What is Confirmation

confirmation ceremonyConfirmation is the sacrament through which the Holy Spirit comes to us in a special way and enables us to profess our faith as strong and perfect Christian and soldiers of Christ.

Confirmation is a rite used in many Christian churches. Though beliefs about confirmation differ among traditions, it is commonly seen as a mature statement of faith of a person already baptized. Customarily, it is done during adolescence, and, as such, is often seen as a rite of passage.

Confirmation is a rite in many Christian Churches.

Roman Catholics, Eastern Orthodox, Oriental Orthodox Churches, and Anglicans, view it as a sacrament, which in the East is conferred on infants immediately after baptism, but in the West is usually administered later at the age of reason or in early adolescence.

catholic confirmationAccording to canon law for the Latin or Western Catholic Church, the sacrament is to be conferred on the faithful at about the age of discretion (generally taken to be about 7), unless the Episcopal Conference has decided on a different age, or there is danger of death or, in the judgement of the minister, a grave reason suggests otherwise (canon 891 of the Code of Canon Law). The number of Episcopal Conferences that have set a later age, usually between 14 and 16 years of age, has diminished in recent decades, and even in those countries a bishop may not refuse to confer the sacrament on younger children who request it, provided they are baptized, have the use of reason, are suitably instructed and are properly disposed and able to renew the baptismal promises (letter of the Congregation for Divine Worship and the Discipline of the Sacraments published in its 1999 bulletin, pages 537-540).

In Protestant Churches, the rite tends to be seen rather as a mature statement of faith by an already baptised person, usually an adolescent, and thus as a rite of passage, which, though not as big a change as a bar mitzvah or bat mitzvah, holds a similar meaning.

Several secular, mainly Humanist, organizations direct “civil confirmations” for older children, as a statement of their life stance, an equivalent alternative to traditional religious ceremonies for children of that age.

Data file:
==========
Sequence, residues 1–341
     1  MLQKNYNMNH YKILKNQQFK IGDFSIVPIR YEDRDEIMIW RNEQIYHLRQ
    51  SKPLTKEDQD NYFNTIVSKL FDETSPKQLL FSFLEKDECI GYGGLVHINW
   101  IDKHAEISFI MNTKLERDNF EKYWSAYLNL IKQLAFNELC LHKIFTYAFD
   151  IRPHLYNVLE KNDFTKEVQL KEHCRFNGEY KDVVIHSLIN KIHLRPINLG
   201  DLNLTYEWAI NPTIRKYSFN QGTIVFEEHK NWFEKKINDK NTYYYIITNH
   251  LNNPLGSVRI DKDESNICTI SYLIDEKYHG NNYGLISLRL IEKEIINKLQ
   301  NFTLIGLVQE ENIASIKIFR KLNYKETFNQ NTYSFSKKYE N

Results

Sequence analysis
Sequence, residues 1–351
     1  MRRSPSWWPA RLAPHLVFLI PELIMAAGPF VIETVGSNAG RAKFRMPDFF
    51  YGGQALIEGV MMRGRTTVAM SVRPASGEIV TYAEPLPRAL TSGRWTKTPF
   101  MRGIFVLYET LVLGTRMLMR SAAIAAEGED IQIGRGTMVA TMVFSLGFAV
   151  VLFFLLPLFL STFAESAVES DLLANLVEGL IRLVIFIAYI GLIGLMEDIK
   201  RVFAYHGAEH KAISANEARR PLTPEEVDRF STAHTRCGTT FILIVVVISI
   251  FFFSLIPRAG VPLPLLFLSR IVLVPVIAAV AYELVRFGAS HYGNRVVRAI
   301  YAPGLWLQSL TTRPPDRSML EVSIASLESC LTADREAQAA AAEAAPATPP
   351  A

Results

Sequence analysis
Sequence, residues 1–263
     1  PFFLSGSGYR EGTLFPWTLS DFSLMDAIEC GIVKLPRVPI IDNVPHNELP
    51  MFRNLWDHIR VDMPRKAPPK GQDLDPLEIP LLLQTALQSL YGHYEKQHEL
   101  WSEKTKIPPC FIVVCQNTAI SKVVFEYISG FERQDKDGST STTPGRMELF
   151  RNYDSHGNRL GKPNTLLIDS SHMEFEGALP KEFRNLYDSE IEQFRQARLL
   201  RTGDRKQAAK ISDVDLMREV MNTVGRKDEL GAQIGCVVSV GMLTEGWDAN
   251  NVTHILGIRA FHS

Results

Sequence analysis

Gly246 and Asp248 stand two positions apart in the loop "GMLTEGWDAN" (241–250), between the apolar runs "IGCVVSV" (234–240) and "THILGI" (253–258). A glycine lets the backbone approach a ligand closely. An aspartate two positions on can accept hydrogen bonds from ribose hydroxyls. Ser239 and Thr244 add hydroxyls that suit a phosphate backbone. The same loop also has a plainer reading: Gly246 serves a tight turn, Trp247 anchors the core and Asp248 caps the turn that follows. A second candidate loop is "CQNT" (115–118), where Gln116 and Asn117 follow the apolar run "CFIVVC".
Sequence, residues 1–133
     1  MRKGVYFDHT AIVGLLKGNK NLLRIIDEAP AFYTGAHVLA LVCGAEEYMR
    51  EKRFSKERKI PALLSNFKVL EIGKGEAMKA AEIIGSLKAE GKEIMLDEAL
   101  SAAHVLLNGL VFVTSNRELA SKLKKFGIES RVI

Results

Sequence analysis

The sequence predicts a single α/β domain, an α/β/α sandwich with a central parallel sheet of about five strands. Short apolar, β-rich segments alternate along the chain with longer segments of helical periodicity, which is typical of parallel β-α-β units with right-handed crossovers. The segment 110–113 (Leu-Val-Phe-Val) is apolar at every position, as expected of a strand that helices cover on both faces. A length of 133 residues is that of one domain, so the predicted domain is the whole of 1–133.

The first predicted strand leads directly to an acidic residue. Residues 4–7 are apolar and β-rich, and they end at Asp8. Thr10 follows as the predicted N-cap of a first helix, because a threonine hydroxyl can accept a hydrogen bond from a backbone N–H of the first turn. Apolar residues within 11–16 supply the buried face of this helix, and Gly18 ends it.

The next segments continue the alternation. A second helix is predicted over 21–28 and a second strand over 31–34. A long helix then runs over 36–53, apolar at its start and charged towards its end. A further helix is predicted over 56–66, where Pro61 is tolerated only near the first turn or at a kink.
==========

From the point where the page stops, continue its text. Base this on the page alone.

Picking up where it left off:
confirmationIn many English-speaking countries and in German-speaking lands, as well as in Poland, it is customary for a person being confirmed in the Roman Catholic Church (and some Anglican dioceses) to adopt the name of a saint with whom he/she feels a special affinity, thus securing an additional patron saint to be his/her protector and guide. This practice is unknown in many other countries (including the Spanish and French-speaking ones and also Italy), and is not mentioned in the official liturgical book of the Rite of Confirmation. Obviously, the custom prevailing in a country influences, often decisively, the practice of immigrants from another country, even if they keep their own language.

The saint’s name is often used in conjunction with the confirmee’s middle name, and is without effect in civil law, unless, of course, the confirmand pursues the appropriate legal avenues.

Western Christians do not normally confirm anyone who has already been validly confirmed. The Roman Catholic Church sees confirmation as one of the three sacraments that no one can receive more than once (see sacramental character). In Catholic understanding, the confirmation conferred in a Protestant or Anglican Church is not valid, for lack of a properly ordained minister; accordingly, confirmation is usually administered to those who enter the Catholic Church from those Churches. In the Anglican Communion, a person who was previously confirmed by a validly-ordained bishop in another denomination is “received” rather than confirmed again. However, the Episcopal Church USA recognizes non-episcopal confirmations as well.

Eastern Orthodox Churches occasionally practise what is seen by other Christians as “re-chrismation”, in that they usually chrismate/confirm – and sometimes rebaptize – a convert, even one previously confirmed in other Churches. The justification is that the new chrismation (or baptism) is the only valid one, the earlier one being administered outside of the Church and hence being little more than a symbol. The Eastern Orthodox will also chrismate an apostate from the Orthodox Church who repents and re-enters communion. According to some interpretations, the Eastern Churches therefore view confirmation/chrismation as a repeatable sacrament. According to others, the rite is understood as “part of a process of reconciliation, rather than as a reiteration of post-baptismal chrismation”. The Mystery of Chrismation was also performed on Orthodox monarchs at the time of their coronation, even though they were required to be baptized and chrismated before they could assume the throne. However, this was not considered a repetition of their previous chrismation, but a further sacramental act of anointing.